Fire Irons
Photo/Jeff Harris

Since the first time a caveman sharpened a stick and skewered his hunk of saber-toothed tiger because he wanted his meat dead-on medium rare—not bloody, but certainly not burnt—man has worked fires with tools. The instinct to poke at a blaze remains, but today's instruments are hardly as crude and far more effective.

Cooking in front of an open pit may have taken a back seat to sitting around enclosed flames, but every hearth deserves a sturdy, rugged set of fire irons. They should be handy and functional as well as attractive, quality tools that can stand up to a three-pound chunk of burning oak.

In managing a blaze, Job No. 1 is making adjustments to your fire as it burns. You move wood around the andirons to create precise air holes to feed the flame essential oxygen. For this, the poker is the indispensible tool you reach for most often. Its tip is used to ease logs back and forth, trying to find that little opening between stacked wood that optimizes air flow. The halberd-style hook is your friend for bigger jobs, best employed to pull wayward logs back into proper position.

The rake is a less common, but comes in handy after the early logs have been rendered to coals. Those glowing coals at the bottom of your fire will feed the flames for hours, if properly tended. An apparently dead fire can be rekindled simply by working the embers. The rake can also be used with the poker for major log rearrangement. Some sets include a pair of tongs for this.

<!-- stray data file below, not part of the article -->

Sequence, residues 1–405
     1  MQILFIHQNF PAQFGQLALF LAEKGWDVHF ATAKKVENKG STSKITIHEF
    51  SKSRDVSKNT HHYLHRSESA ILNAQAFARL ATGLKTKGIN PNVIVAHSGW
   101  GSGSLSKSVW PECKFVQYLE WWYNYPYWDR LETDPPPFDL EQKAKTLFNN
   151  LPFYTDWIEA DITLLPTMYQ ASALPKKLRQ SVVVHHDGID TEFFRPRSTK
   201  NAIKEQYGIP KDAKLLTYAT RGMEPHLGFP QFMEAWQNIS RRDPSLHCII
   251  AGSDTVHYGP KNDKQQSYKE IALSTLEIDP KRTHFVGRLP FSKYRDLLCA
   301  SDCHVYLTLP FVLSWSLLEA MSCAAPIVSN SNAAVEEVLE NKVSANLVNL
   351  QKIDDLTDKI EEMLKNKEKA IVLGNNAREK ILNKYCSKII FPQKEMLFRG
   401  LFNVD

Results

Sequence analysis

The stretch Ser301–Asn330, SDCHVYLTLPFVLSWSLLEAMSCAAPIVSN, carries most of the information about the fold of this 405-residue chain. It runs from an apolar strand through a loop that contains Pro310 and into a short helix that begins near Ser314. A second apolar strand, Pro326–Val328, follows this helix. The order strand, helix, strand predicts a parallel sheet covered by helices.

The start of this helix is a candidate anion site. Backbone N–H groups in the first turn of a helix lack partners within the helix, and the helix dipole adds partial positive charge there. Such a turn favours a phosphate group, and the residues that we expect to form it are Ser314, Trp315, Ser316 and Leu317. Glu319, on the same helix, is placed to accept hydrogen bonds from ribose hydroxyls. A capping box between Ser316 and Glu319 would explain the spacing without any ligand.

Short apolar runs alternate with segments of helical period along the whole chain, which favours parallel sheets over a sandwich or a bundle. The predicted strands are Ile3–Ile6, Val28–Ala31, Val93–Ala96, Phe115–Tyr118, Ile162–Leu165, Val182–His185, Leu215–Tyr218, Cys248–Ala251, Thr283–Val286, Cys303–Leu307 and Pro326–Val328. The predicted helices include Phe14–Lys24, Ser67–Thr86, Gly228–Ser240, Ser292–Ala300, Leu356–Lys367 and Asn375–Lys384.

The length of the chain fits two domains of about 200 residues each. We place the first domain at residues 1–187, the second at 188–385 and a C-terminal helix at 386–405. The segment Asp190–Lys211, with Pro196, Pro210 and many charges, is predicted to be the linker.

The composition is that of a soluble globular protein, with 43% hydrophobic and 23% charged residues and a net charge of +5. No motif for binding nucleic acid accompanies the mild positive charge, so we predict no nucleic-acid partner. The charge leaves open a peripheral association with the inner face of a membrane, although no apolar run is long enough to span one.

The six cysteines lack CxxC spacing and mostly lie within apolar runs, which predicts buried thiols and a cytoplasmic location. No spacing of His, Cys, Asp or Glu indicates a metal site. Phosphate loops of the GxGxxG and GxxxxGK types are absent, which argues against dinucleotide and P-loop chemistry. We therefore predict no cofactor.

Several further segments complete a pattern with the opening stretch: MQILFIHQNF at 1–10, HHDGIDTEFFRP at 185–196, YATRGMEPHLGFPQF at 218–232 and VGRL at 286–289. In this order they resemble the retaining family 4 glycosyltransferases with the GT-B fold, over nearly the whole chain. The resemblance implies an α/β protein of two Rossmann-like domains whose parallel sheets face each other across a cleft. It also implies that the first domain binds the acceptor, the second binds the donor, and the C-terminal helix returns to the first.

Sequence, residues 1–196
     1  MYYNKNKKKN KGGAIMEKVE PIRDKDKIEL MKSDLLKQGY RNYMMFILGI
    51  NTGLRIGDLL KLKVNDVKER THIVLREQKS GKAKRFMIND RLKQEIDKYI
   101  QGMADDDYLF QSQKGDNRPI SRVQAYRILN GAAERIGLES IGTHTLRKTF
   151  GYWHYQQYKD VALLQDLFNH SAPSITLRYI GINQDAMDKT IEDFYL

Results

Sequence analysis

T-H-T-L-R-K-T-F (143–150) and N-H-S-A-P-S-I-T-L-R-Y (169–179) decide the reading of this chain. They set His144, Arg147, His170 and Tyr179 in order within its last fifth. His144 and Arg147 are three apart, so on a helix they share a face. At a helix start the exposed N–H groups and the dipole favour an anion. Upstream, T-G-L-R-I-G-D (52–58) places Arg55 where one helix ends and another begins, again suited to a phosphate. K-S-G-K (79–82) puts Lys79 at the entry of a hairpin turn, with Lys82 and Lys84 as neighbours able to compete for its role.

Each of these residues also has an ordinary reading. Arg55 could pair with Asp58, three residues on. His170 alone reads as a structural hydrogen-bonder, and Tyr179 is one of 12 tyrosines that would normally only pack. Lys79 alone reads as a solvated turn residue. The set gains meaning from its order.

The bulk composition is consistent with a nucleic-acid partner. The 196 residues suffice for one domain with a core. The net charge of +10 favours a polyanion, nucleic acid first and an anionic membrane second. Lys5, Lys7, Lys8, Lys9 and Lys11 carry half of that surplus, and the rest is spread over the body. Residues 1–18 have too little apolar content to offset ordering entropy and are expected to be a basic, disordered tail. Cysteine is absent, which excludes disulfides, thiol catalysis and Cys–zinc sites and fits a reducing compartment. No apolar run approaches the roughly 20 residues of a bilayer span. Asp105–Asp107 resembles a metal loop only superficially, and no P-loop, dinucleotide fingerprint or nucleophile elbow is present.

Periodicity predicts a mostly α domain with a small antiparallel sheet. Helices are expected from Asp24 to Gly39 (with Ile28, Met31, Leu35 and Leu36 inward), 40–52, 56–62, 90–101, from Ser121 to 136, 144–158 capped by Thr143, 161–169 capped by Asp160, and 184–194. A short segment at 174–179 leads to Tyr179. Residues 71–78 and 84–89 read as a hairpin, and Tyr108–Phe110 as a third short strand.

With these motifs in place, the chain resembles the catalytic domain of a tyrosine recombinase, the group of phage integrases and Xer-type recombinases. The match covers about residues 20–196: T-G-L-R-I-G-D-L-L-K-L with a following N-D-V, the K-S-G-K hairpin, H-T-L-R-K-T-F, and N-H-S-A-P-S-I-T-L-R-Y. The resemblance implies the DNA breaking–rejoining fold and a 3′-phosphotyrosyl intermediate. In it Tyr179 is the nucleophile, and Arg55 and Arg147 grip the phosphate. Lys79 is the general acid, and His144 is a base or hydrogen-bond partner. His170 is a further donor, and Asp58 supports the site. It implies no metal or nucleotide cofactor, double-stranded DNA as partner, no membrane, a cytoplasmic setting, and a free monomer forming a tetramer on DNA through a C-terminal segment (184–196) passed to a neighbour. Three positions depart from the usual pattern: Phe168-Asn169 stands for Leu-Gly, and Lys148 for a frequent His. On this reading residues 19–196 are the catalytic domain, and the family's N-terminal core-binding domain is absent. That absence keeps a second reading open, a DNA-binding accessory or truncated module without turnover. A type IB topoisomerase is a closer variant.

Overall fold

The brush and the spade work in tandem, for cleanup. The spade can also be employed for moving coals around, should they need to be moved farther than the rake would allow.

Go cheap and you will be frustrated. The Leather Rivet Hearth Tool Set from Restoration Hardware ($325) is a fine example of quality; a masculine set crafted by California blacksmith Jefferson Mack and his team. Iron comes from the furnace blazing red, is slapped on the anvil and hand forged with hammers to take on the final shape. The set is hefty and well balanced, with a strip of leather for a handle to keep your hands cool as you channel your inner Prometheus.

Once your fire is set, you'll need a more fragile tool: a rocks glass. In the cold months we recommend a peaty single malt, a robust cigar and a good book to be your company in front of the fire.

Visit restorationhardware.com

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